which, upon substitution of Eq. (1-2), results in, for k = 0, 1, 2, ... , n, dn-1 Xn-k d nXn-k + (1-4) dtn an-1 -J{n-1 T 1

Finally, Fig. 1-1 shows that

c(t) = boXn

+ b1Xn-1 + · · · + bnXo

(1-5)

Equation (1-1) follows immediately from Eqs. (1-4) and (1-5) when we take derivatives of c(t) and combine as required in Eq. (1-1). There are n integrators in Fig. 1-1, and the order of the system equation, Eq. (1-1), is also n. In general, an nth-order system will be one which performs n integrations. Furthermore, while it is possible to choose any of the a, or b, as zero, there is no choice which will result in an equation in which the input signal m(t) is differentiated more times than is the output signal c(t). Therefore, any equation in which m(t) is differentiated more times than

6

Review of Classical Methods for Continuous linear Systems

Chap. 1

is c(t) cannot result from a system which integrates and will be physically unrealizable. Transfer function

We shall define the Laplace transform more carefully below. For now it is assumed that the reader is familiar with the basic operational properties of this transform. Taking the Laplace transform of both sides of Eq. (1-1) and rearranging give the result

C(s) == bnsn + bn_ 1Sn- 1 + · · · + b1s + ho ~ G(s) M(s) sn + an_ 1sn- 1 + · · · + ats + ao

(1-6)

which has been used as shown to define a transfer function G(s) as the ratio of two polynomials. Equation ( 1-6) is, of course, equivalent to

C(s) == G(s) M(s)

(1-7)

which is the basic cause-and-effect relationship between the Laplace transforms of the input and output signals, M(s) and C(s ). To derive Eq. (1-6) directly from Eq. (1-1) in this manner requires the assumption that the initial value and first (n - I) initial derivatives of both c(t) and m(t) are zero. Actually, such a restriction is not required to obtain this result which follows from only the assumption that all initial values of the variables x 1, x 2 , • • • , Xn are zero. This derivation is the subject of one of the problems at the end of this chapter. The significance of this is that the transfer function relation of Eq. ( 1-7) is valid only for the so-called zero-state condition. Without yet defining the state concept, we can describe this zero-state condition as one in which the output variable c(t) will remain at zero if no input is applied to the system, i.e., if m(t) == 0. With reference to Fig. 1-1, if all initial conditions on the integrators are set to zero, and if m(t) is also held at zero, clearly c(t) == 0. Also note that the initial conditions which appear as a result of applying the Laplace transform operator to a differential expression are evaluated shortly after time zero, usually denoted by t == O+. These initial conditions are on the variables c(t) and m(t) and need not be zero to have the transfer function ofEq. (1-6) apply. (See Problem 1-1.) Provided that the initial conditions on the variables x 1 , x 2 , ••• , Xn are zero, the transfer function relation is valid. Note that Fig. 1-1 provides a way to construct a computer system to simulate the behavior of any transfer function of the form of Eq. ( 1-6). Impulse response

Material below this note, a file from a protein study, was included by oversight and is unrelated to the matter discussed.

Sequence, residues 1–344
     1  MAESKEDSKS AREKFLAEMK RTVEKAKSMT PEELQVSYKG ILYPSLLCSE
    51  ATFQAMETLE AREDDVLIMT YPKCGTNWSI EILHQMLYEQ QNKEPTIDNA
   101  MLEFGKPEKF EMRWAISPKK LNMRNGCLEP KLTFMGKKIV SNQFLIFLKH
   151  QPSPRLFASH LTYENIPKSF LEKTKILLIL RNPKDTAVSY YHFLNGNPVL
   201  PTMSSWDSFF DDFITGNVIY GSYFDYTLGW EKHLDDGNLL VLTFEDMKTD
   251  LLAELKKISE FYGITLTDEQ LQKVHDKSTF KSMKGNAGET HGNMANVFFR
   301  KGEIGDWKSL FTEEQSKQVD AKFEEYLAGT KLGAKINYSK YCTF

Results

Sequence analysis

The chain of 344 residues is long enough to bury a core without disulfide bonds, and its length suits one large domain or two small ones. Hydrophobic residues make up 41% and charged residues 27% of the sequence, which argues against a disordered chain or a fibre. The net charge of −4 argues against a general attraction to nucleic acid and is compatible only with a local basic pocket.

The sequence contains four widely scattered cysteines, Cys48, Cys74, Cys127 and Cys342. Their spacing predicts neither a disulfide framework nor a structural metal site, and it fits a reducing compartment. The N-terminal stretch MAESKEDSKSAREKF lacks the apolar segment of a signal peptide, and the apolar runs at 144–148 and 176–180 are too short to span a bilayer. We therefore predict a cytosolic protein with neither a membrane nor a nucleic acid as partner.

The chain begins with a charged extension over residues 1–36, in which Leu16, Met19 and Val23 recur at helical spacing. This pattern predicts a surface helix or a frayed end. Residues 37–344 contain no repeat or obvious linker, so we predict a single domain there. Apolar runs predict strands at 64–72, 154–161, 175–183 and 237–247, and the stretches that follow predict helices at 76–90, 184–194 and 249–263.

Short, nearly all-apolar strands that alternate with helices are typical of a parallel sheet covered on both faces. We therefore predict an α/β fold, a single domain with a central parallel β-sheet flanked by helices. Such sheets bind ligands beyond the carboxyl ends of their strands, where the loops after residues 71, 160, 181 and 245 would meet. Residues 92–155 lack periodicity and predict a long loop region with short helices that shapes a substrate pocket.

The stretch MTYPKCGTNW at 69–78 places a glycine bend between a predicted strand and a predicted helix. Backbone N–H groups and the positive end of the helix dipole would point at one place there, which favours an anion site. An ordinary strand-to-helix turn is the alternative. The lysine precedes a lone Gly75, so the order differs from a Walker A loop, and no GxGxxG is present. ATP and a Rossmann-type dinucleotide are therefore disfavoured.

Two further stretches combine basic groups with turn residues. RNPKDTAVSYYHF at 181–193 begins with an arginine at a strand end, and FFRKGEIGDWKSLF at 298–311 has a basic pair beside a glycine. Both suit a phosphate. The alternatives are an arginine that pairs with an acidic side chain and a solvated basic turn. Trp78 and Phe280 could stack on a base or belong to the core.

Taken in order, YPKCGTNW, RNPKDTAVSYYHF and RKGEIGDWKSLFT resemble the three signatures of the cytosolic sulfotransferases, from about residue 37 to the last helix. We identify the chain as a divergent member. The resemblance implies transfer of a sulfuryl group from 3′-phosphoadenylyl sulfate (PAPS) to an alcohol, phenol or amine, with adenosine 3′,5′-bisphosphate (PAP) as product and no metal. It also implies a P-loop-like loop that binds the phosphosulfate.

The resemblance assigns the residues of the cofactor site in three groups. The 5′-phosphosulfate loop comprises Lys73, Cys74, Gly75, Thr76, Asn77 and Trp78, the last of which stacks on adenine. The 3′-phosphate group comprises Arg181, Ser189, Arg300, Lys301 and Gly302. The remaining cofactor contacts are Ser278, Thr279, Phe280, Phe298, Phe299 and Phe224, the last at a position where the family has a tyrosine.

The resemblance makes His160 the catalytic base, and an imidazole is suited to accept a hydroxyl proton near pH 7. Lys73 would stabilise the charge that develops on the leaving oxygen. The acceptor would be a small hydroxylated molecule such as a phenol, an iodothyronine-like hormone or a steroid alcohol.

In what follows, we shall invariably restrict our attention to events occurring after a time arbitrarily designated as t === 0. We suppose that some arbitrary signal m(t) is applied as the input to a linear system, initially in the

Chap. 1

7

linear Systems Analysis

zero state. Such a signal is sketched in Pulse sequence Fig. 1-2. As shown in the figure, this signal signal may be approximated by a sequence of square pulses. The (k + 1)st pulse begins at a time t = kT, where T is the period of the pulsing and k is an integer; it ends at t = (k + I )T and assumes a height equal to the value of the function at the beginning of the T 2T 3T 4T 5T 6T pulse, m(kT). By making T arbitrarily t .. small, we may represent the signal Figure 1·2 Approximation of m(t) as closely as desired by this pulse input signal by pulse sequence. sequence. Because we are dealing with a linear system, we may apply the principle of superposition. The total response of the system to the sequence of pulses may be obtained by summing its response to each of the individual pulses. Consider the typical pulse occurring at time t == kT. This pulse may be regarded as the application of a step function at time t == kT with magnitude m(kT), followed by the application of a negative step function of the same magnitude at a time t =(k + l)T. Let us denote by H(t - t 0 ) the response of the linear system to a step of unit magnitude applied at time t = t 0 , S(t - t 0 ). Then, by the principle of superposition, the response ck(t) due only to this square pulse is ck(t)